The new exhibition Recent Acquisitions features art in a wide range of media, from woodwork and photography to ceramics and a sound-and-video “micro sculpture.” But one object stands apart—a seal gut parka from the Aleutian Islands. Suspended in a corner, with sleeves impressively outstretched (thanks to the museum’s installation expert Jason Teraoka), the garment might be aptly called living art—created from once-living organic material approximately 60 to 80 years ago by a master craftsman of the Yup’ik Eskimo people. Called an imarnin (summer dried seal gut parka), or oasperrluk (over-garment) in Yup’ik, the parka carries with it both the seal’s story and the story of the craftsman. And because it was a working garment, it is also a lived-in piece of art, carrying the story of the person who wore it, too. Together, these narrative possibilities lead to a larger question: Where has this thing been?

Textile curator Sara Oka has gone to great length to answer that question. One key to understanding the item’s origin is through parsing the codes entwined in the garment’s nuanced stitching and ornamentation. Though predominantly beige in color, like a typical hide, the translucent parka is lined along at least eight major seams by colored threads, each with special significance. To interpret their meanings, Oka deferred to artist, storyteller, educator and native Yup’ik Eskimo Chuna McIntyre. According to him, “the colored bits of yarn resonate cultural ideals—red for the blood that binds us all, black for the underworld, darkness and mystery, and blue for the fleeting sky. White is the color of snow, of light and of the Yup’ik heaven.”

In addition to these mythological resonances, the colors also have personal meanings. In a lecture he gave at the museum on Dec. 9, Chuna offered insight into his people’s textiles and garments. “Each family had their own designs,” he explained. “You can always tell which family belongs to whom, by one little element [on the lower back of the garment] that they had the right to wear.” He also pointed out that the Yup’ik have made parkas from the hides of a variety of animals—from sea mammals to wolves, wolverines to muskrats—needless to say, on top of being master craftsmen, the Yup’ik people are prodigiously resourceful. They even use the changing seasons to their advantage. According to Chuna, “Summer dried gut retains an ethereal translucency. Winter dried gut is in essence freeze-dried, and the results would have been more opaque. The attention to detail on this parka, easily missed by the untrained eye, pays tribute to the last generation who were the keepers of this knowledge.”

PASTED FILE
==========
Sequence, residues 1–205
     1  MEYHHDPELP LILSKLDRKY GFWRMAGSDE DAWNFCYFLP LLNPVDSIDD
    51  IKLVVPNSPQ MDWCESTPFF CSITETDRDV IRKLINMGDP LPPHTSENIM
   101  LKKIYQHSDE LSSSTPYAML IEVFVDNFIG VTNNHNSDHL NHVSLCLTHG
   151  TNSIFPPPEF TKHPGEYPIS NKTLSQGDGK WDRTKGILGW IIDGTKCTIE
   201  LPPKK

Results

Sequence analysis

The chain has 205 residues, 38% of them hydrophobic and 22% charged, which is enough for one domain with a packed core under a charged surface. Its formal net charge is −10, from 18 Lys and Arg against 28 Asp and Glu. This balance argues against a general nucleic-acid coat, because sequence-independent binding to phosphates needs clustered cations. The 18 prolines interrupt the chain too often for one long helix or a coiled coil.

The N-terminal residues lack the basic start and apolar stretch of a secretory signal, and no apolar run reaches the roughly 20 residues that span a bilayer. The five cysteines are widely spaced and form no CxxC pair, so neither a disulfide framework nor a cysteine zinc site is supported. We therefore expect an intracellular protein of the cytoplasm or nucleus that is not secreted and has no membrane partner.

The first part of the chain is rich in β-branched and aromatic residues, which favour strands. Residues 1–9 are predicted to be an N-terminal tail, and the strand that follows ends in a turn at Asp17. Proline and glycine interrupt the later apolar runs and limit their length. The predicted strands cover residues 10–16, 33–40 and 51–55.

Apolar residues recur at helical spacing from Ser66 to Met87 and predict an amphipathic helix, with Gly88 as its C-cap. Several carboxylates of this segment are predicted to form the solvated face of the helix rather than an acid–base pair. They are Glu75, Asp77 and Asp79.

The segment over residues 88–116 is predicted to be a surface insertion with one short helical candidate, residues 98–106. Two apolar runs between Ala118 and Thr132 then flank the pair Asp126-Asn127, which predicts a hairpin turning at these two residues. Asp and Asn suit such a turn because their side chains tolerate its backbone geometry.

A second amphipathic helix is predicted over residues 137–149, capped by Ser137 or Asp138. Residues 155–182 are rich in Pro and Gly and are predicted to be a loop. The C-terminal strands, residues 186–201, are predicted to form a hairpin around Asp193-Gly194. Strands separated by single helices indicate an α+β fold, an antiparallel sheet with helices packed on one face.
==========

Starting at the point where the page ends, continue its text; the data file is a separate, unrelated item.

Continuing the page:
This parka’s journey to this exhibition also represents a larger narrative for the museum. Earlier this year, Chuna lent one of his own parkas to the museum for the textile exhibition Sheer Delight. When he visited the museum to pack up the parka, he gave a demonstration for Collections staff of proper care techniques. Inspired by that experience, the museum purchased a parka of its own, and that has now come full circle in Recent Acquisitions. On display, the garment’s open hood is illuminated by a sun-like light mounted above. Decades ago, the beaming face of a Yup’ik Eskimo would have been peering from that hood, from the prow of a traditional Aleutian kayak, or across the vast white and green of the Alaskan tundra.

In his lecture, Chuna talked about another parka, which is in a German museum following a tumultuous life through the worlds of Bavarian and Russian royalty after being taken from Alaska. “When you look at the piece it fires the imagination, and as well it should,” Chuna said. “It has 3,000 years of history behind it. The garment just didn’t happen; it was created over a long history and time. Each element has its own time and space, and its own function.”